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Nolasco v. Nielson

United States District Court, D. Utah

December 7, 2018

CARMEN G. NOLASCO, Plaintiff,
v.
KIRSTJEN NIELSON, Secretary of the Department of Homeland Security, et al., Defendants.

          ORDER AND MEMORANDUM DECISION GRANTING DEFENDANTS' MOTION TO DISMISS

          TENA CAMPBELL U.S. DISTRICT COURT JUDGE.

         Plaintiff Carmen G. Nolasco has brought a complaint against Defendants Kirstjen Nielsen, Secretary of the Department of Homeland Security; L. Francis Cissna, Director of the United States Citizenship and Immigration Services (USCIS); and Laura McNeer, Director of the Salt Lake City Field Office of Citizenship and Immigration Services. Ms. Nolasco asks the court to grant a writ of mandamus compelling the USCIS to adjudicate her application for adjustment of immigration status.

         The Defendants have moved to dismiss Ms. Nolasco's complaint. Because this court does not have jurisdiction to consider Ms. Nolasco's complaint, the court GRANTS the Defendants' motion.

         FACTUAL AND PROCEDURAL BACKGROUND[1]

         Ms. Nolasco, a native of El Salvador, entered the United States illegally in 1991 when she was three years old. In 1992, after Ms. Nolasco was placed in deportation proceedings, an immigration judge granted Ms. Nolasco voluntary departure. But when Ms. Nolasco did not voluntarily depart, the voluntary departure was changed to an order of deportation.

         In 2001, Ms. Nolasco was granted Temporary Protected Status (TPS) which temporarily prevents her removal from the United States. The Trump Administration has now terminated TPS designation for El Salvador, and Ms. Nolasco claims that in 2019, her TPS will end and she will be subject to removal.[2]

         Ms. Nolasco married Juan Nolasco, a United States Citizen, in 2005. Ten years after the marriage, Mr. Nolasco filed a form I-130 Petition for Alien Relative, establishing that he is a United States citizen and that Ms. Nolasco, as his spouse, is an immediate relative. The USCIS granted the petition.

         In April 2016, USCIS granted Ms. Nolasco's application for an advance parole, which meant that she could temporarily leave and return to the United States.

         Ms. Nolasco filed a form I-485 Adjustment of Status Application with USCIS in March 2017. She appeared at USCIS for an interview regarding her Form I-485 in October 2017. After the interview, USCIS sent Ms. Nolasco a Notice of Administrative Closure (Notice). In the Notice, the USCIS explained that it was administratively closing Ms. Nolasco's I-485 application because “USCIS does not have jurisdiction to adjudicate your Form I-485.” (Ex. C to Compl., ECF No. 2-1.) The Notice continued:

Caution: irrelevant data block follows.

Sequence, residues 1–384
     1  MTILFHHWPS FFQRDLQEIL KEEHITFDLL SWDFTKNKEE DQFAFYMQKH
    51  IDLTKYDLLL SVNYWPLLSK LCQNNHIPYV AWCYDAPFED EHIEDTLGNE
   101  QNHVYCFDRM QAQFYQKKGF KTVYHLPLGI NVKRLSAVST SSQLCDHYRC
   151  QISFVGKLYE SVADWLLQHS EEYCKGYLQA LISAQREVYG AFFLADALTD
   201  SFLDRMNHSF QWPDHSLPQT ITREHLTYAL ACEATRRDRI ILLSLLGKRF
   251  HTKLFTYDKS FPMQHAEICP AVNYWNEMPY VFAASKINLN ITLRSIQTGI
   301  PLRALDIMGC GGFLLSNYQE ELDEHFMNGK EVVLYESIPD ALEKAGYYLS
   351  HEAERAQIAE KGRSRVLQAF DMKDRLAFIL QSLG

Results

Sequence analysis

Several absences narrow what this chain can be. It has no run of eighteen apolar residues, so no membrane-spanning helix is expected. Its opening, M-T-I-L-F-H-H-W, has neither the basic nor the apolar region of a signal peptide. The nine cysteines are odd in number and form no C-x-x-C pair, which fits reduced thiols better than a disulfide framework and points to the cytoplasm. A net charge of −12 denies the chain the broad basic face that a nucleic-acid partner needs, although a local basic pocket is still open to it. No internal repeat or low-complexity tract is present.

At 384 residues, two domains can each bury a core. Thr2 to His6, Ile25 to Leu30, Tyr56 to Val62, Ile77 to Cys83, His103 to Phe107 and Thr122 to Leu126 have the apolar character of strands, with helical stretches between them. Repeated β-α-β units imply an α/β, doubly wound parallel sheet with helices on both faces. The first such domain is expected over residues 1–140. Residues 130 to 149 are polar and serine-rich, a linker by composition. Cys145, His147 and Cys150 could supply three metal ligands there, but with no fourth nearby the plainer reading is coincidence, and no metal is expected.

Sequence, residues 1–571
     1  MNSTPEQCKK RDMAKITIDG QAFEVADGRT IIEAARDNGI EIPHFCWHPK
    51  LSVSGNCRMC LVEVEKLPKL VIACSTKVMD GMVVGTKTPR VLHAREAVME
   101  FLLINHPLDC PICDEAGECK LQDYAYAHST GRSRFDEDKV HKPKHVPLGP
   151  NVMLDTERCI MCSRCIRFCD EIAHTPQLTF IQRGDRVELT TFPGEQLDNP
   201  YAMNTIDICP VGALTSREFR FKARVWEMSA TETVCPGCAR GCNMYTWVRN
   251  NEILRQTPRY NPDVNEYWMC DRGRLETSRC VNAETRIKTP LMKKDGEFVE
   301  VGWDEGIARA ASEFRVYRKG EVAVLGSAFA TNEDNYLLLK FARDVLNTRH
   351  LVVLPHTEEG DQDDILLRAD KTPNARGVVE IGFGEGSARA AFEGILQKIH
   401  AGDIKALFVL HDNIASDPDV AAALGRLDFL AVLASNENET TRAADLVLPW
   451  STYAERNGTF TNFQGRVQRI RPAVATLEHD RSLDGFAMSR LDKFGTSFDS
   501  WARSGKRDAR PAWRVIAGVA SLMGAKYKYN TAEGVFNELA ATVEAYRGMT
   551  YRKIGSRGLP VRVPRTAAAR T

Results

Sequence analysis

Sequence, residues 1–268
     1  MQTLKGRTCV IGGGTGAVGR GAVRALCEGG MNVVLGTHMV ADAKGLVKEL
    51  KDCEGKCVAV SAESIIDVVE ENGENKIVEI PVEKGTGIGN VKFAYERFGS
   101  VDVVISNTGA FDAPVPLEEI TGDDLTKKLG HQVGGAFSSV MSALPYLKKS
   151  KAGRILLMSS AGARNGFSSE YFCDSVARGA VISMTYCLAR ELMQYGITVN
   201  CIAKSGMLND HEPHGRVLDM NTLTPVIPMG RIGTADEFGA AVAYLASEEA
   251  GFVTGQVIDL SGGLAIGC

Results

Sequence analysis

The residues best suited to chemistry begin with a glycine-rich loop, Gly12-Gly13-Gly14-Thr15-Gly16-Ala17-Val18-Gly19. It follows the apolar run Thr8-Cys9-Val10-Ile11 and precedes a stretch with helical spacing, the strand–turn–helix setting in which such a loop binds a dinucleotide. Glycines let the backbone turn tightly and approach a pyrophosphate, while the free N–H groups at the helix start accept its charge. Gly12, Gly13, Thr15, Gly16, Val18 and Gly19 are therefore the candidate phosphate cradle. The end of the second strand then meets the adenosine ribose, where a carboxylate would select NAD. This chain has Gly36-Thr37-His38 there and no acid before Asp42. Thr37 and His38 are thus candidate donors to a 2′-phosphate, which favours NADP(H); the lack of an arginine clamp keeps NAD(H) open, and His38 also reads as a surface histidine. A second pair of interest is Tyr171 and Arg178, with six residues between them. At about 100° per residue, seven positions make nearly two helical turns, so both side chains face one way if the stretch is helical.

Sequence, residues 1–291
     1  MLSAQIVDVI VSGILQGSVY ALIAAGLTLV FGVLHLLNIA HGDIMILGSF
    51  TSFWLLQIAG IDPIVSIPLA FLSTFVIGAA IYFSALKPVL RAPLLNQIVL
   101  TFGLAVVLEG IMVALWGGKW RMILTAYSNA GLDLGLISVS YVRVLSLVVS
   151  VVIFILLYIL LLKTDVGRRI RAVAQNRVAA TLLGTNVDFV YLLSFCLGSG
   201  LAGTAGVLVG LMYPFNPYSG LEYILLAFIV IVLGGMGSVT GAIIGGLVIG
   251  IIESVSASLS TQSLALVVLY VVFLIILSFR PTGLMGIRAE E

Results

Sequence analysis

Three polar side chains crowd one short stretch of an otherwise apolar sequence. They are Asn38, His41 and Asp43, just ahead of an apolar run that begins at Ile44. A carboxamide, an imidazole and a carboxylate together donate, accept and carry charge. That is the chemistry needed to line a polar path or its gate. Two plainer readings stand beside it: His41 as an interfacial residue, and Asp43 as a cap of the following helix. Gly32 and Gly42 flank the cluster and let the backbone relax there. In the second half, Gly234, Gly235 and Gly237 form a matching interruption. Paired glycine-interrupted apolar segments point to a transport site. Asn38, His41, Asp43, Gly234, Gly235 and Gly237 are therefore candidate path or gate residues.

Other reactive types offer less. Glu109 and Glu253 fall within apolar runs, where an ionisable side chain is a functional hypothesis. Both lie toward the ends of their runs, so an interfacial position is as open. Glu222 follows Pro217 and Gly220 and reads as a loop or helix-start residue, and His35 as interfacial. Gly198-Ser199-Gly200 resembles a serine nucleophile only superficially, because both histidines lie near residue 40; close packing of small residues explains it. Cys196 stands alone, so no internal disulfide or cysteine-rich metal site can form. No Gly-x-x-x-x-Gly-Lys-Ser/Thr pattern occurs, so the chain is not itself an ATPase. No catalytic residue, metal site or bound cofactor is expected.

USCIS has jurisdiction to grant adjustment only if the Immigration Judge does not have jurisdiction. See Title 8, Code of Federal Regulations (8 CFR), sections 245.2(a) and 1245.2(a). The Immigration Judge has jurisdiction to grant or deny a Form I-485 in any case in which the applicant (other than an “arriving alien”) is a respondent in a section 240 removal proceeding before the U.S. Department of Justice, Executive Office for Immigration Review (EOIR). USCIS reviewed your case file, A#A09 4061800 and determined that an Immigration Judge ordered that you be removed from the United States, but you have not yet departed under that order. It does not appear that the removal proceedings against you have been terminated. See 8 CFR section 245.1(c)(8)(ii).
Since you are the respondent in a removal proceeding, and you are not an “arriving alien” only EOIR has jurisdiction to grant or deny your form I-485. You must submit your form I-485 to the Immigration Judge in EOIR proceedings. Since EOIR has already entered a removal order, you must move EOIR to reopen the proceedings in order for you to be able to apply for adjustment status.
Because USCIS does not have jurisdiction, your form I-485 is administratively closed; however, this does not prevent you from seeking adjustment before EOIR. 8 CFR sections 245.2(a)(1) and 1245.2(a)(1).

(Id.)

         After receiving the Notice, Ms. Nolasco filed this mandamus action, in which she asks the court to assume jurisdiction over her immigration proceedings and compel the USCIS to adjudicate her I-485 application. (See Compl. 15-16, ECF No. 2.) The Defendants have moved to dismiss her complaint for three reasons: (1) the USCIS does not have jurisdiction to grant or deny Ms. Nolasco's application to adjust her immigration status, so her complaint is moot; (2) the court lacks subject matter ...


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